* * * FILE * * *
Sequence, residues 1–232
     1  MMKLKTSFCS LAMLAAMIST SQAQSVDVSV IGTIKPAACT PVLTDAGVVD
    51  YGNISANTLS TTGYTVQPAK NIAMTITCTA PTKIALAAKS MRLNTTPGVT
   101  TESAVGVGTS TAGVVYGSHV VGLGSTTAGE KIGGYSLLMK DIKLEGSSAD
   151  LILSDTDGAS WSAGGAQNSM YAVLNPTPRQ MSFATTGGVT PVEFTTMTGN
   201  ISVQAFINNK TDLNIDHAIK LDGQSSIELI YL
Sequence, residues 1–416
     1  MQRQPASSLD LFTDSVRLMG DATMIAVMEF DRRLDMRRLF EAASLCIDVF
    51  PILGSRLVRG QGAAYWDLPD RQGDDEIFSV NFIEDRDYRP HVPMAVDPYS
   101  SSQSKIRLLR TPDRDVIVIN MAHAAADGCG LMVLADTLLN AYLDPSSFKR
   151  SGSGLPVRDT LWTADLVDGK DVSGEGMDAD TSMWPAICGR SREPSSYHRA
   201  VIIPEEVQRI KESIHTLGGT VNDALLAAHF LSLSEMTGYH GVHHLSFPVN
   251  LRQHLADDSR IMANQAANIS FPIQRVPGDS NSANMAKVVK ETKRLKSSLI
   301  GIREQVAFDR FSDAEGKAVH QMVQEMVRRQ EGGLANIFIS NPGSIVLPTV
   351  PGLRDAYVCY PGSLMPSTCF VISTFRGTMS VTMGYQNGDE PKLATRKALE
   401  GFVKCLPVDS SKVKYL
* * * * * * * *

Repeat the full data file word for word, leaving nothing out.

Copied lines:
Sequence, residues 1–232
     1  MMKLKTSFCS LAMLAAMIST SQAQSVDVSV IGTIKPAACT PVLTDAGVVD
    51  YGNISANTLS TTGYTVQPAK NIAMTITCTA PTKIALAAKS MRLNTTPGVT
   101  TESAVGVGTS TAGVVYGSHV VGLGSTTAGE KIGGYSLLMK DIKLEGSSAD
   151  LILSDTDGAS WSAGGAQNSM YAVLNPTPRQ MSFATTGGVT PVEFTTMTGN
   201  ISVQAFINNK TDLNIDHAIK LDGQSSIELI YL
Sequence, residues 1–416
     1  MQRQPASSLD LFTDSVRLMG DATMIAVMEF DRRLDMRRLF EAASLCIDVF
    51  PILGSRLVRG QGAAYWDLPD RQGDDEIFSV NFIEDRDYRP HVPMAVDPYS
   101  SSQSKIRLLR TPDRDVIVIN MAHAAADGCG LMVLADTLLN AYLDPSSFKR
   151  SGSGLPVRDT LWTADLVDGK DVSGEGMDAD TSMWPAICGR SREPSSYHRA
   201  VIIPEEVQRI KESIHTLGGT VNDALLAAHF LSLSEMTGYH GVHHLSFPVN
   251  LRQHLADDSR IMANQAANIS FPIQRVPGDS NSANMAKVVK ETKRLKSSLI
   301  GIREQVAFDR FSDAEGKAVH QMVQEMVRRQ EGGLANIFIS NPGSIVLPTV
   351  PGLRDAYVCY PGSLMPSTCF VISTFRGTMS VTMGYQNGDE PKLATRKALE
   401  GFVKCLPVDS SKVKYL